Be there wolves among you?
I’m a huge fan of wolves. Their presence speaks to both the wildness of our landscapes and the adaptability of the wolf. Indeed, in states like Montana, Wisconsin, and Minnesota wild wolf packs have returned to the point where there are now limited hunting seasons on them.
My passion for wolves is even part of one of my favorite career experiences. Partnering with the International Wolf Center in Ely, Minnesota, we were able to bring a pair of “ambassador” Arctic Wolves (and their handlers) to a fund-raising event for another organization. At that event, I got close enough to one of the wolves that it lightly nibbled on my ear in a subtle show of dominance. What an experience, it still sends shivers down my spine and makes me shake my head in wonder.
Fast forward to this past week and my solo camping trip to northern Wisconsin. On the first night, I heard what sounded like it could have been a group of wolves howling in the distance. They were far enough off that it was exciting (not terrifying). Several nights later, I found myself driving down a long US Forest Service road in the dark, the only car on the road, and miles from any town, village, or other people. Suddenly, the memory of the howling flashed back into my mind and I remembered that I was very alone in a place where there just might be wolves among us (me). My amygdala triggered, my hands gripped the steering wheel more tightly, and every winding and hilly curve became more treacherous because of the fear response. My speed also crawled to 20 miles per hour.
A mile or so down the road, I came to a shocked stop for large buck deer in full antler standing in the middle of the road. At that moment, everything was frightening…even a deer. All of a sudden, I began to understand the fear that so many have when it comes to wolves in the landscape.
What does this have to do with organizational culture and the question of: “Be there wolves among you?” There is a primitive fear response that lives inside of all of us. In a place like northern Wisconsin, it comes out in responses to wolves living nearby. But it also shows up in our work environments. Where, unless you’re working at the International Wolf Center in Ely, it is unlikely that there are actual wolves among you.
However, it is likely that there are opportunities, projects, clients, competitors, or even colleagues who trigger your “wolf fear.” In my own career, I’ve most reliably experienced these “wolf fear” moments in the times when I’m making the greatest changes. They’ve been frequent, because I like frequent change. Sometimes the change is in the organization, sometimes the change is in brand new roles, and sometimes the change is in the team that I work with most closely. They come in moments of great transition – which are also moments of great uncertainty.
I’ve learned to recognize that the moments come most reliably when I am very nearly on track. In my case the wolf is the very change I’m creating, the fear is the uncertainty that happens in the moment right before the results begin coming together.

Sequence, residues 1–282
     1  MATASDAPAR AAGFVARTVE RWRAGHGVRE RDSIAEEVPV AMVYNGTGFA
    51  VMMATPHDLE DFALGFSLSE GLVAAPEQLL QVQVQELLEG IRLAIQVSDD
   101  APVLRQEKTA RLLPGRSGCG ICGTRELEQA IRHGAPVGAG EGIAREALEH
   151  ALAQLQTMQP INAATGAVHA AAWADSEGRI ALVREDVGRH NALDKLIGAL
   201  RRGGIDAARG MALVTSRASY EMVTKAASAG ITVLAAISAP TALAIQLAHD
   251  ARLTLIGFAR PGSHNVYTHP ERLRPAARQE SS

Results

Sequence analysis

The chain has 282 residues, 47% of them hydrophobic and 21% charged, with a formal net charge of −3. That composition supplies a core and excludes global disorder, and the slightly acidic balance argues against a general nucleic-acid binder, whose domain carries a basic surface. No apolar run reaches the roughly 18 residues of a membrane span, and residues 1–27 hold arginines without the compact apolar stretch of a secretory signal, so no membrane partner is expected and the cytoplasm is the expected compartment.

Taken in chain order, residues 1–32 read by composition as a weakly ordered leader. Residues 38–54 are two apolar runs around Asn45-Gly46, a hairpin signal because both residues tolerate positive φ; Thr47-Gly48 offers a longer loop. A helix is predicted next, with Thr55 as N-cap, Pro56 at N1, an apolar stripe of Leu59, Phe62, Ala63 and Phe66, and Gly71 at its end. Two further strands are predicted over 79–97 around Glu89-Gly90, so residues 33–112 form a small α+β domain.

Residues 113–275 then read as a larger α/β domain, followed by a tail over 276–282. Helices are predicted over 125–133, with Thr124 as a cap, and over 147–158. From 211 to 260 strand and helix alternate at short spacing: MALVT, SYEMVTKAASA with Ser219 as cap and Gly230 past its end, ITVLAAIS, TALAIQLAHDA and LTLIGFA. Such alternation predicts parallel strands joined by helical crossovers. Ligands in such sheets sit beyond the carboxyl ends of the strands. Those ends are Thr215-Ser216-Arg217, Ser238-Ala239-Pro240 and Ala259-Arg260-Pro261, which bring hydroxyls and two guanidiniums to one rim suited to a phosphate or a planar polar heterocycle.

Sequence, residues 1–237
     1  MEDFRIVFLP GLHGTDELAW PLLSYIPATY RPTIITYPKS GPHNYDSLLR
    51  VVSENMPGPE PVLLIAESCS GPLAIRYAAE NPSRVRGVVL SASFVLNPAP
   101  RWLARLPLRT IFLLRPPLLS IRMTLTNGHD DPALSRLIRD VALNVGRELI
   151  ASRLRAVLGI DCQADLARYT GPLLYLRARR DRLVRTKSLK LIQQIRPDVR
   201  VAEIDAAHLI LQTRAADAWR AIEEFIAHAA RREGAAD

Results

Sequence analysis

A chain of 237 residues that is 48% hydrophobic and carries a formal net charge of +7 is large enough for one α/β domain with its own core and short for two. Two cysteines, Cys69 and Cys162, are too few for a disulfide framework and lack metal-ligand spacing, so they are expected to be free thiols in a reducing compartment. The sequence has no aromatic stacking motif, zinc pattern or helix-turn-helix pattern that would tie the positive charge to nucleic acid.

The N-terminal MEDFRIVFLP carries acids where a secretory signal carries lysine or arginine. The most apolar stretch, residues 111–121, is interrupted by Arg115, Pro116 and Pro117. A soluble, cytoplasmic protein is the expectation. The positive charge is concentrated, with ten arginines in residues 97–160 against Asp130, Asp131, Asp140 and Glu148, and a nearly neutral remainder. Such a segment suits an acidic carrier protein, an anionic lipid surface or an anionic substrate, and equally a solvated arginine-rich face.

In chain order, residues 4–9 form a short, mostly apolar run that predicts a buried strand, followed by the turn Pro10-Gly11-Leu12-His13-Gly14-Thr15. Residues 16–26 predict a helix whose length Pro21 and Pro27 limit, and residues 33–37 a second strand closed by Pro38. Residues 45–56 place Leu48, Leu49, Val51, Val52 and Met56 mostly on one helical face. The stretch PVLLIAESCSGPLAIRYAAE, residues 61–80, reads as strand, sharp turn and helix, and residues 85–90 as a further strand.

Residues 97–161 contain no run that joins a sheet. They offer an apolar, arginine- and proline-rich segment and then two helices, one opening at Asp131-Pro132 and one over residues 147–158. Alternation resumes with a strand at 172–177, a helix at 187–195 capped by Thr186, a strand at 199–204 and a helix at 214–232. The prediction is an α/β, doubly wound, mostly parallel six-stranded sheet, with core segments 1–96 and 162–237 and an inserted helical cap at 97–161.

To find the primitive “wolf fear” and where it is impacting you and your team, look for it’s physical signs. In my car it was white knuckles, shortness of breath, and fear of deer. My career “wolf fear” moments can be seen in a visceral need to dig deeply into self reflection; perhaps including a solo camping trip to Northern Wisconsin. They are also marked by insomnia and increased brevity in communication. That last one might not seem like a physical response, but it’s as if more words are simply physically impossible.
In a very real example and one that’s been part of this writing this story, I often know that a blog post is going particularly well when I my heart rate quickens and I simply run out of words. The story itself gets lost in the physical reactions I’m experiencing. In those moments, having a trusted colleague in our tribe, most reliably Harte Logan, review the blog and make suggestions is one way of allowing the “wolf fear” to dissipate. Harte’s review helps me find the words again and allows me get back to the story.
What are the signs in your work?
Once you’ve identified the signs, what can you do about it? Dave Logan talked about this in one of our Tribal Rainmakers calls. It starts with a deep breath to break the amygdala response. Then, take a deeper look.
Ask yourself, is there really anything to fear? Once you identify that there actually isn’t a wolf in the room with you that is ready to do more than nibble your ear, you can better get to untangling the impact of the “wolf fear.” If you can find the fear that has you – and perhaps your team – stopped in your tracks, take a deep breath, see it for what it is, and get back to the creative, strategic, effective work ahead of you.
If you don’t, the collective “wolf fear” within an organization can damage teams, destroy projects, and even kill organizations. Learning to breathe through the fear together builds teams, strengthens organizations, and creates opportunities for greater success.
Like the real and imagined wolves roaming my northern Wisconsin journey last week, the “wolf fear” is neither good nor bad. It is a sign of something to pay attention to, something to adjust, and maybe even something that is quite nearly perfectly on track.
If all else fails, remember as Franklin D. Roosevelt almost said in his inaugural address, the only thing we have to fear is “wolf fear” itself.